If you are asked to describe what you see, what would you write? Would you describe the black splatter of ink, or would you write about the white part of the paper?


Psychologist and author of Hardwiring Happiness, Rick Hanson shared that the human brain is hardwired to focus on and recall the negatives more than the positives. Hence it won’t be a surprise if your eyes were drawn to the black splatter of ink.


This behaviour was seen in the book of Numbers chapter 13, when Moses sent spies to the land of Canaan as instructed by God. Even though the Israelites saw how fruitful and blessed Canaan was agriculturally, they were focused on how strong and big the Canaanites were.  They told Caleb, “We cannot attack these people; they are stronger than we are… We felt like grasshoppers, and so we seemed to them.” (Numbers 13:31, 33). They had forgotten how God had taken them out of Egypt and provided for them, the many miracles that God had performed throughout their journey. They didn’t trust God to be with them, to deliver them from these Canaanites, and give them the promised land flowing with milk and honey. Their focus was not on God, but on their problems.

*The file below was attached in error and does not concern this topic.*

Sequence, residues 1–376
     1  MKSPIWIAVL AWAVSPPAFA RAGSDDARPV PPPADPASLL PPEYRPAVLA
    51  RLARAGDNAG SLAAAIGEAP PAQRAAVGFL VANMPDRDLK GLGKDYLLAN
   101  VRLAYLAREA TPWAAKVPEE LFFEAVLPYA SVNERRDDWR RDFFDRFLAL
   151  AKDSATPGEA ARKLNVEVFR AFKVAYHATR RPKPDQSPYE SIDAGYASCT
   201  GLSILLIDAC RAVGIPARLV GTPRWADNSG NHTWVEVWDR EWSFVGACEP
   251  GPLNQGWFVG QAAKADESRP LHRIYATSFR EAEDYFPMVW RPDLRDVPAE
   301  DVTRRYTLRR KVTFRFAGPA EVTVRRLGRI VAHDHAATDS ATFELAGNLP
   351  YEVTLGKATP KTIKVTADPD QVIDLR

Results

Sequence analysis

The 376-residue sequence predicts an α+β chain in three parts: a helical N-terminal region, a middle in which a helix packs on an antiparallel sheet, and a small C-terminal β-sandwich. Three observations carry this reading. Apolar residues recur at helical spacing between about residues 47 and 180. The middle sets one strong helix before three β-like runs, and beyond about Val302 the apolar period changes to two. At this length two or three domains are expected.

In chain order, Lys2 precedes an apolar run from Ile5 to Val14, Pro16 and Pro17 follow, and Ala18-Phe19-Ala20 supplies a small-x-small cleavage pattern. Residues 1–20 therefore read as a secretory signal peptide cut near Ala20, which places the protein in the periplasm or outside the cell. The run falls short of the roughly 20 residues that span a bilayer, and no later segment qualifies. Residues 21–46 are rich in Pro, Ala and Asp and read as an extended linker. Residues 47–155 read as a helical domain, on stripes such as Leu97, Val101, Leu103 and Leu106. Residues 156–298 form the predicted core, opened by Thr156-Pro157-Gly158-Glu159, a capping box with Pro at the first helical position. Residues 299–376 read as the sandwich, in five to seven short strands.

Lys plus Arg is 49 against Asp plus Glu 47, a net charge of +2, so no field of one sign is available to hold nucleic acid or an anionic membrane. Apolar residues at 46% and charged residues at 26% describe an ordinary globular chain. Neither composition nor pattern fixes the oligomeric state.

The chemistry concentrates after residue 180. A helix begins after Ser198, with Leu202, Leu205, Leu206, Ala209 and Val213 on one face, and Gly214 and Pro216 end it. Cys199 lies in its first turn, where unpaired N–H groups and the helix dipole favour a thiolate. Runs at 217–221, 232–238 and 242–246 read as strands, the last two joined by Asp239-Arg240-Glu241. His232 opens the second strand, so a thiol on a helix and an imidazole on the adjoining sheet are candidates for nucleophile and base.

Like the Israelites, we often feel defeated when faced with our negative situations and are unable to see or remember God’s hands in our lives. Instead, we only see everything that had gone wrong, focusing on our fears, burdens and trials.


As Christians, what then should we do when life throws a spanner in the works?

Daniel in the lions den

Be like Daniel in the Old Testament.

In the book of Daniel chapter 6, Daniel was thrown into a lions’ den by his enemies who wanted him dead. Daniel’s eyes weren’t on the lions. He had his focus on God. He said, “My God sent his angel and closed the lions’ mouths so that they have not hurt me.” (Daniel 6:23) God delivered him from the lions and “he was found to be unharmed because he trusted in his God”. (Daniel 6:24)


Although our innate nature tends to zoom in on the negatives, we need to cultivate our minds to look upwards to our heavenly Father: to focus on His possibilities, and not our adversaries; to rely on His Grace and not our own strength; and to listen to His promptings and not our insecurities. Together with the psalmist, we declare:

“I trust in God, I do not fear. What can mere flesh do to me?” (Psalm 56:5)


Written by Christina Teh



Hanson, R. (2013).  Hardwiring Happiness: The New Brain Science of Contentment, Calm, and Confidence. USA: Harmony